Illinois: Chicago's HIV Toll Hard to Know
August 3, 2005
Chicago health experts said it is far too early to know if the city's gay community is seeing a decline in HIV infections. San Francisco media recently reported a decrease in HIV infections in its gay community, suggesting that the spread of HIV has slowed to rates recorded four years ago.
Christopher Brown, assistant commissioner with the Chicago Department of Public Health (CDPH) division of STD/HIV/AIDS, said health practitioners report HIV/AIDS cases to CDPH, which categorizes the data by year of diagnosis. He said 2004 data are very preliminary, with information still coming in.
From data already collected, Brown noted, "We are seeing decreases in overall numbers in 2003 and 2004, but basically it's too soon to tell ... if we've got substantial reductions." But as 2004 cases are still being reported, Brown cautioned that the 2004 decreases could be due to a reporting lag and that infection rates "could definitely rise and may not show a decrease at all." He said the department would have a better idea of the actual numbers by late 2005 or early 2006.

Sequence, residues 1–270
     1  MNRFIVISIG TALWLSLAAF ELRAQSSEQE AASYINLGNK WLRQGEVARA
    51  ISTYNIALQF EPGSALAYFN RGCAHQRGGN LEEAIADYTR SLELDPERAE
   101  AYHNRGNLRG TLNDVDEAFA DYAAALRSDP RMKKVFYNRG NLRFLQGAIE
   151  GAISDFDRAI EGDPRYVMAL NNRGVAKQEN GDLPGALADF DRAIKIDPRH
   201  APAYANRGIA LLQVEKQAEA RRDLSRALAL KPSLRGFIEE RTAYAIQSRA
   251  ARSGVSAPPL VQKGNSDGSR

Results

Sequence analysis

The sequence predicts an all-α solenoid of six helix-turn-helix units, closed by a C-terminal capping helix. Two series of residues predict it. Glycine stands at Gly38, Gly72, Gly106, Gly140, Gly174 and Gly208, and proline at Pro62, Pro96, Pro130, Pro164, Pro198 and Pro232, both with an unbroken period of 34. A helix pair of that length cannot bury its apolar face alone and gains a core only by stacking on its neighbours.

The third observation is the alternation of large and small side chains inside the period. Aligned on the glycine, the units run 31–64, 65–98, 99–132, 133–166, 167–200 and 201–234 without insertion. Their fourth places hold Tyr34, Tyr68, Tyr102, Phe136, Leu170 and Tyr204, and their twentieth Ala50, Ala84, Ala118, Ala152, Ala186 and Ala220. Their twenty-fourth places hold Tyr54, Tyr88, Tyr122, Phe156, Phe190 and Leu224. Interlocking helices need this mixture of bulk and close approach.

Dr. Leigh Roberts of the Howard Brown Health Center said she and her colleagues have not observed the same trend in Chicago as in San Francisco. "Anecdotally, we've seen increased infection rates in youth [ages 14-24] and men over 40," Roberts said, adding that Chicago data from 2002 and 2003 show steady numbers, at best, with roughly 1,100-1,200 HIV cases per year.
Roberts noted that Chicago works "backwards," calculating case numbers based on diagnoses, while San Francisco makes an estimate. The difference in data collection and reporting could account for the differences between the two cities, she suggested.
Windy City Times (Chicago)
08.03.05; Amy Wooten
This article was provided by CDC National Prevention Information Network. It is a part of the publication CDC HIV/Hepatitis/STD/TB Prevention News Update.